Say it ain't so! Here's what to do when an airline loses your golf clubs

Say it ain’t so! Here’s what to do when an airline loses your golf clubs

When Denmark’s Thorbjorn Olesen clinched his first Ryder Cup bid last week, it prompted a raucous celebration. In mid-August, however, his mood was decidedly darker. Twice in the span of 10 days, his air carrier lost a set of his clubs. Two different sets of clubs — poof, gone. Credit Olesen for making the most of a bad situation. When his first bag eventually reappeared, he gifted it to a Twitter follower.

Tour pros aren’t the only golfers to experience the headache (and sometimes heartache) of airlines misplacing their clubs. The problem is just as likely to afflict, well … you.

So, how best to proceed when your clubs go MIA?

First, don’t panic. “Submit your claim without ranting. Most luggage is just delayed, not lost,” says Gordon Dalgleish, president of PerryGolf, one of the industry’s leading custom travel service companies. “Follow the process described by the airline for tracking luggage. While tempting to call the airline/airport, that will change little. Most airlines update status online. Keep your receipts for all expenses as a result of the delay and be reasonable about costs.”

As long as you file notice of claim within 24 hours, the airline will reimburse you for the actual value of the lost property (less any applicable depreciation) determined by the documented original purchase price, so keep your receipts for whatever items filled your travel bag. For U.S. domestic flights, the maximum reimbursement is $3,500; for international flights, the figures are $9.07 per pound, up to $640 per bag, between destinations where the Warsaw Convention applies.

Plane Lost Golf Bags

If the airline loses your golf clubs, the most important thing to do is not panic.

If your clubs are in “delayed” mode, most airlines will compensate you for the costs of rental clubs, one or two sleeves of balls, a glove, and rental shoes — or possibly a new pair of shoes, provided you show receipts and that the costs are reasonable.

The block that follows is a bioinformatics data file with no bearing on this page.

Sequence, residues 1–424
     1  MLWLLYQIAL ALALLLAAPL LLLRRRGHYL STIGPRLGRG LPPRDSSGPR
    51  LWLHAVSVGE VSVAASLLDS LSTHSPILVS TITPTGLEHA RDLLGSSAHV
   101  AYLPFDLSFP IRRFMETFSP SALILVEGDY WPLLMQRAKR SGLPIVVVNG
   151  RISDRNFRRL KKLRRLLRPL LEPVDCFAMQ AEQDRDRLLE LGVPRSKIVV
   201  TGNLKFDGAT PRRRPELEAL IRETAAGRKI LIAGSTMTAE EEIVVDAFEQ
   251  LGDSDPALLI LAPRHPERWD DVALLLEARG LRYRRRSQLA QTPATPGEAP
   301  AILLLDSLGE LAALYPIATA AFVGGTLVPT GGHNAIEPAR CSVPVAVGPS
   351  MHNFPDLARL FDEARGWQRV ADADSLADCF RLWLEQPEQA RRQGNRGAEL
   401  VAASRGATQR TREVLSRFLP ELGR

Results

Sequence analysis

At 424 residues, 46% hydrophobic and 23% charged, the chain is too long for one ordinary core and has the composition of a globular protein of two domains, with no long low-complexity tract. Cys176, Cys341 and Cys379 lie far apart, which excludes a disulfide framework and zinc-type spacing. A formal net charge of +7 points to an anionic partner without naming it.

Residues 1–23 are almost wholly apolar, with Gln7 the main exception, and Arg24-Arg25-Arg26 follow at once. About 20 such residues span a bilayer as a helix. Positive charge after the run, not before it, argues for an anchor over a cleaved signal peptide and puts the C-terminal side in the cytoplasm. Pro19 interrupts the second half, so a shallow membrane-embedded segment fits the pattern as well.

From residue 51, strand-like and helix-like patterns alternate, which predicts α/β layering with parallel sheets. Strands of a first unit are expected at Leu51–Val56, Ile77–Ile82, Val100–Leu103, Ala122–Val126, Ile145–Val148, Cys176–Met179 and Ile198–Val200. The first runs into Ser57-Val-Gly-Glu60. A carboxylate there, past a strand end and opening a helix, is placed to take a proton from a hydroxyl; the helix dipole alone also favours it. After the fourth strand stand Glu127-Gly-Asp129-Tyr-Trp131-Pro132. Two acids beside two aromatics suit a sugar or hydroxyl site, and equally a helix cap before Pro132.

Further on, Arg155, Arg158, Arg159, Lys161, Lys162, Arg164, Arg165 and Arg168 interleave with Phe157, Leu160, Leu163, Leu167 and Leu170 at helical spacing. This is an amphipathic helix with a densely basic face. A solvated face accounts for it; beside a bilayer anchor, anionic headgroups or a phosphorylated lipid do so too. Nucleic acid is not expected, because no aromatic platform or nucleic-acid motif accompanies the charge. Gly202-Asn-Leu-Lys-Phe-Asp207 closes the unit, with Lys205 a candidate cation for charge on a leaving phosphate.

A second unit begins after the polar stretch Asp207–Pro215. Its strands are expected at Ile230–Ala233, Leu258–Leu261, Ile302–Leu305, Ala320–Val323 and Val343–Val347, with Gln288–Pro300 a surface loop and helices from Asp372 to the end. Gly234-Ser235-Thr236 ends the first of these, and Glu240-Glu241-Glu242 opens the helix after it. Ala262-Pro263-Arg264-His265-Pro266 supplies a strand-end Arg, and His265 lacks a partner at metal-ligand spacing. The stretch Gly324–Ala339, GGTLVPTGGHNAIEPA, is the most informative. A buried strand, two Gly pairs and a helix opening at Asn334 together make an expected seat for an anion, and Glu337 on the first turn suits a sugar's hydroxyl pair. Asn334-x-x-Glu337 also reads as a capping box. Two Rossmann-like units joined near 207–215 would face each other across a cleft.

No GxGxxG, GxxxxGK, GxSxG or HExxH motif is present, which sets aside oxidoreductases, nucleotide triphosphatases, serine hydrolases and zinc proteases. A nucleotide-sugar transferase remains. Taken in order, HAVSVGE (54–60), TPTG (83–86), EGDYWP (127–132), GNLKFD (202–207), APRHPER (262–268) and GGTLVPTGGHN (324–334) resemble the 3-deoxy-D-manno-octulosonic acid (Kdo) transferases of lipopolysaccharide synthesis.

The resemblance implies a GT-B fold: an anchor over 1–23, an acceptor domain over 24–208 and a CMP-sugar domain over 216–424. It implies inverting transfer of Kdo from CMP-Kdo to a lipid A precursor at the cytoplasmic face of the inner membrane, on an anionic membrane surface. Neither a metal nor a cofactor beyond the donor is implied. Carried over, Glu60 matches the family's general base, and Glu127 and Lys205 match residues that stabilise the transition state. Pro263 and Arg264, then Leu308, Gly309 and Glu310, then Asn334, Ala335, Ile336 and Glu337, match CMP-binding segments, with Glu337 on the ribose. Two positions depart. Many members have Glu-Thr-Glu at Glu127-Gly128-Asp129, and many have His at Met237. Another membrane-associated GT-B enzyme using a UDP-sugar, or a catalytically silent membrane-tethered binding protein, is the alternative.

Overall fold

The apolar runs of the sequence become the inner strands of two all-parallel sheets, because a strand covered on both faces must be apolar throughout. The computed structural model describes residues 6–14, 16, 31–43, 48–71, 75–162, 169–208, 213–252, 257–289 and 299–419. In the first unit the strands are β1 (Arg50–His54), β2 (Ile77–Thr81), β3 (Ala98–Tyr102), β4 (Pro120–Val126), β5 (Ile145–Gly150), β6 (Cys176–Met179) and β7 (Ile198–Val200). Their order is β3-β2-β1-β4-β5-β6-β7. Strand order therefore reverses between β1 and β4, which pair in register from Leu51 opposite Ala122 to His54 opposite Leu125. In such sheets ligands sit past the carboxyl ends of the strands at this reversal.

However, the definition of “reasonable” is, at best, elastic and, at worst, inexplicably fuzzy. If you’re a status flyer or someone who flew first-class or business, and you were on your way to an important client function, it’s a lot likelier you’ll have your PXG rentals and new $300 Foot-Joys greenlighted for reimbursement than would if you were sitting in a middle seat at the back of the plane on a once-a-year visit to your in-laws with a golf game or two on tap.

Should you protect your clubs by taking out pre-trip insurance that would guard against their loss in transit? “It’s not necessary,” Dalgleish says. “Your homeowners’ or renters’ insurance will usually take care of that. Of course, you can’t double dip from your homeowners’ insurance and from the airlines. Trip insurance makes sense when it comes to a delay or cancellation of the trip itself, not so much for your golf clubs.”

There are a few precautionary measures you can take to minimize the chance that your clubs go missing — to begin with, book direct flights (or, better yet, fly private!) and make sure your travel bag has your name, phone number and address clearly marked on it — but largely when you travel you’re at the mercy of the golf gods. Stuff happens. So try to remain positive and don’t let the mix-up sour your trip.

Indeed, there’s really only one way to guarantee your clubs arrive with you: buy them a seat next to you.